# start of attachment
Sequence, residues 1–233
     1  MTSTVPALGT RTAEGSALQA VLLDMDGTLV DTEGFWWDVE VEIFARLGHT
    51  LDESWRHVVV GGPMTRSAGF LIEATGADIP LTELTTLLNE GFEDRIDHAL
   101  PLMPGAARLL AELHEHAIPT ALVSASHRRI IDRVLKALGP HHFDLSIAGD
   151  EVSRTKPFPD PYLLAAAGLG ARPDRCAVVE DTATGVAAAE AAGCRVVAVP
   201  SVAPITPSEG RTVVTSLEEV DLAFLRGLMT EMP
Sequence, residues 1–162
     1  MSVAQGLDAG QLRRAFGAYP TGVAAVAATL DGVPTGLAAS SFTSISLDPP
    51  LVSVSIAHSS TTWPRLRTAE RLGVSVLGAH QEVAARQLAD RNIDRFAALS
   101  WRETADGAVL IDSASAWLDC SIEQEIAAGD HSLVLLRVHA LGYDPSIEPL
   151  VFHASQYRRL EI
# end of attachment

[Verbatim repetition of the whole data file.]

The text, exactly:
Sequence, residues 1–233
     1  MTSTVPALGT RTAEGSALQA VLLDMDGTLV DTEGFWWDVE VEIFARLGHT
    51  LDESWRHVVV GGPMTRSAGF LIEATGADIP LTELTTLLNE GFEDRIDHAL
   101  PLMPGAARLL AELHEHAIPT ALVSASHRRI IDRVLKALGP HHFDLSIAGD
   151  EVSRTKPFPD PYLLAAAGLG ARPDRCAVVE DTATGVAAAE AAGCRVVAVP
   201  SVAPITPSEG RTVVTSLEEV DLAFLRGLMT EMP
Sequence, residues 1–162
     1  MSVAQGLDAG QLRRAFGAYP TGVAAVAATL DGVPTGLAAS SFTSISLDPP
    51  LVSVSIAHSS TTWPRLRTAE RLGVSVLGAH QEVAARQLAD RNIDRFAALS
   101  WRETADGAVL IDSASAWLDC SIEQEIAAGD HSLVLLRVHA LGYDPSIEPL
   151  VFHASQYRRL EI